Paul, writing to the Ephesians, presents Christ as the conduit for “every spiritual blessing;” God chose us in him and predestined us to adoption though him. Through him we have grace and redemption; in him we were chosen. The mystery of God’s will, which he purposed in Christ, is to bring all things in heaven and on earth together under one head, even Christ” (Eph 1:3–12).
The Son was sent by the Father, and he went freely; God himself provided the Lamb, God himself entered creation to redeem it. The consequences of undervaluing Christ, then, are grievous. If Christ is not God, he is a mere representative of humanity and salvation can only rely on our ability to identify with and emulate him. But if Christ is God, then salvation is fully effective because it does not rely on the strength of humanity. The true humanity of Christ is not in question here; the Trinitarian concept of atonement and salvation fully embraces and requires the true humanity of of Christ, but it also requires him to be more than a regular human being. The doctrine of the incarnation, the Son taking on humanity and having two natures perfectly combined, takes care of all the difficulties raised by the alternative model described above. Being fully human, Christ could be tempted. He shares our nature and hence is qualified to judge, to bear our sins and to act as mediator (Heb 2:14–18; 4:15). But by being God he can himself step in as the perfect substitutionary sacrifice and do what we could not do for ourselves; live a sinless life, defeat sin in the flesh and bear the sins of the world. As John Stott explains,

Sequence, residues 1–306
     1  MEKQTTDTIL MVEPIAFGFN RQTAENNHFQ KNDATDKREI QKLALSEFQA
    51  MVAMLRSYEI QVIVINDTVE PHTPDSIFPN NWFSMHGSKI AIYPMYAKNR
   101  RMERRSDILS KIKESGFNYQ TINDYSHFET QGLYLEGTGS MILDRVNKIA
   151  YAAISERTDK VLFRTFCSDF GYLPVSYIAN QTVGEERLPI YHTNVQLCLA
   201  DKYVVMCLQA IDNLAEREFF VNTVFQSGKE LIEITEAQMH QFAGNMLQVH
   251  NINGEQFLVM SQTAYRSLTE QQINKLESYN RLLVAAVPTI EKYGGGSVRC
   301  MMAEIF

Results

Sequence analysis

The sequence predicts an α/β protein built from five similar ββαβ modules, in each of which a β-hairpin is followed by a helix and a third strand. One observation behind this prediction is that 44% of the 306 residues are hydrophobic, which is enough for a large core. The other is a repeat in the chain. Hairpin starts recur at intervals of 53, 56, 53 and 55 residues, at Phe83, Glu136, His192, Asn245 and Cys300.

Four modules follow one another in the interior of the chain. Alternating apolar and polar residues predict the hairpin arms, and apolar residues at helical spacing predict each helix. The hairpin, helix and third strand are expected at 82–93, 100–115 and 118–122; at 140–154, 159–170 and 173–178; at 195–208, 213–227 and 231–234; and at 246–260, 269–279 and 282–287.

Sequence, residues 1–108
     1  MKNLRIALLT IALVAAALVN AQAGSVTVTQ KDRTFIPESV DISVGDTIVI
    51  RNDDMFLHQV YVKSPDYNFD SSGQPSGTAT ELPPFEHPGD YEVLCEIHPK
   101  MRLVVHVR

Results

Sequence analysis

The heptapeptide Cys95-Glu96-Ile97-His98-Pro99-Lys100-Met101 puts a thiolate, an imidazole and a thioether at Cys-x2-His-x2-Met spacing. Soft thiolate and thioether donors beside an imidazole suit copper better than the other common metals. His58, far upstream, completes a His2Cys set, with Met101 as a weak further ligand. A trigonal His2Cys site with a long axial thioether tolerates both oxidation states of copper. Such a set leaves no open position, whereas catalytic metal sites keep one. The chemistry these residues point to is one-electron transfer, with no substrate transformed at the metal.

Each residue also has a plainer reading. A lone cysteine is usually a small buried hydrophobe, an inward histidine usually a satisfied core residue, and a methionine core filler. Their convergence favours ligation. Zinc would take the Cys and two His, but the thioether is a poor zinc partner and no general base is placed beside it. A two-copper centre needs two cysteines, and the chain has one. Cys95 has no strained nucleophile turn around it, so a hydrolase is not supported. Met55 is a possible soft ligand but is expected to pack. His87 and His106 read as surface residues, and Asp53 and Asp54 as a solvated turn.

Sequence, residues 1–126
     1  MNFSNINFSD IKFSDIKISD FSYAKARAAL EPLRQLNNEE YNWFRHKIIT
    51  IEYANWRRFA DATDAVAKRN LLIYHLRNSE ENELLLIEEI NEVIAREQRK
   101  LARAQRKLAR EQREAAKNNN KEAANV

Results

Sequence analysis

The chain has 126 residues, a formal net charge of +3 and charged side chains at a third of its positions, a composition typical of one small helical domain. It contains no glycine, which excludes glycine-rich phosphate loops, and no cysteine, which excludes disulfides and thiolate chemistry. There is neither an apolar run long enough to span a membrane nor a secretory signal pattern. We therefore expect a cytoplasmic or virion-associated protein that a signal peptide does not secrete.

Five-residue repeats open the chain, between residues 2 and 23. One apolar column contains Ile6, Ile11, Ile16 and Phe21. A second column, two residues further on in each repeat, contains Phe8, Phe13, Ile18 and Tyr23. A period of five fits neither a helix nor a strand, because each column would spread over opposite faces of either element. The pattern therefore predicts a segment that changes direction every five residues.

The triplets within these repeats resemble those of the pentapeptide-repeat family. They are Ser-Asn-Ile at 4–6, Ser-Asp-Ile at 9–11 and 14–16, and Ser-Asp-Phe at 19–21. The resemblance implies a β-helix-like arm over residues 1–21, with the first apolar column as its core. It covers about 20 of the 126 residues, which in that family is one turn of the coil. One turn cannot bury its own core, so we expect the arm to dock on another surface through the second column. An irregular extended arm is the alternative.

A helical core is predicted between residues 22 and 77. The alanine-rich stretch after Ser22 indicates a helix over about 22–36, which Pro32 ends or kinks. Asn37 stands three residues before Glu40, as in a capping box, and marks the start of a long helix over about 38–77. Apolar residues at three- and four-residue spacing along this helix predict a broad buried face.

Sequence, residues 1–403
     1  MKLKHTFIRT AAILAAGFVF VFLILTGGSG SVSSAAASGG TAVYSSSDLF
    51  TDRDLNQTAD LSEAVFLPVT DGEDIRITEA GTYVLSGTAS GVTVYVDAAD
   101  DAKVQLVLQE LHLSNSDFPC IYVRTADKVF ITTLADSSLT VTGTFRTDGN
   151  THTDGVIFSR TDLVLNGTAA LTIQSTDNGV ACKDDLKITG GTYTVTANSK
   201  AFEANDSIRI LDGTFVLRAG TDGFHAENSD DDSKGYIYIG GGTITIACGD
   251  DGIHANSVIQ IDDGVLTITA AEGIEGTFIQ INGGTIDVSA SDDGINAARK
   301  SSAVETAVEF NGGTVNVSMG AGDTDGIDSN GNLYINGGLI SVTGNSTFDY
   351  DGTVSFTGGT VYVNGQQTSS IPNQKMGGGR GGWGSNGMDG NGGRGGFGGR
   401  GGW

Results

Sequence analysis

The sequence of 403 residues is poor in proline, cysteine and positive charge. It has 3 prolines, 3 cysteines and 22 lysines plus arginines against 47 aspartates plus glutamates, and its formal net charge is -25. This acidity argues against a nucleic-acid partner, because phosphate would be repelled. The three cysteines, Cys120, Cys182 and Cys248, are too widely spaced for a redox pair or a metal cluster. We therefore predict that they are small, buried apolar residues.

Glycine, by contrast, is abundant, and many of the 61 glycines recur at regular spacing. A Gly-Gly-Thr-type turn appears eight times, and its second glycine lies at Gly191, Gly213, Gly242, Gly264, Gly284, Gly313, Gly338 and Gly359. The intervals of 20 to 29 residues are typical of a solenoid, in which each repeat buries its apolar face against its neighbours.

“The saving initiative was taken by God in his love. It is he who has propitiated his own wrath, redeemed us from our miserable bondage, declared us righteous in his sight and reconciled us to himself… The death of Christ was the atoning sacrifice because of which God averted his wrath from us, the ransom price by which we have been redeemed, the condemnation of the innocent that the guilty might be justified, and the sinless One being made sin for us (Rom 3:25; 1 Pet 1:18–19; Rom 8:3, 33; 2 Cor 5:21).”
If a human sacrifice per se was all that was required for representational atonement, effectively any human being empowered by God so as to not sin would have sufficed as the atoning sacrifice, the propitiation, the substitute sin-bearer. Roberts again: “Because being born of Adam’s condemned race, and partaking of their condemned nature, Christ was made subject, equally with them, to the consequences of Adam’s transgression. Therefore his public execution was a public exhibition of what was due to a man from God. It pleased God to require this before inviting men to reconciliation through the man in whom this vindication should take place.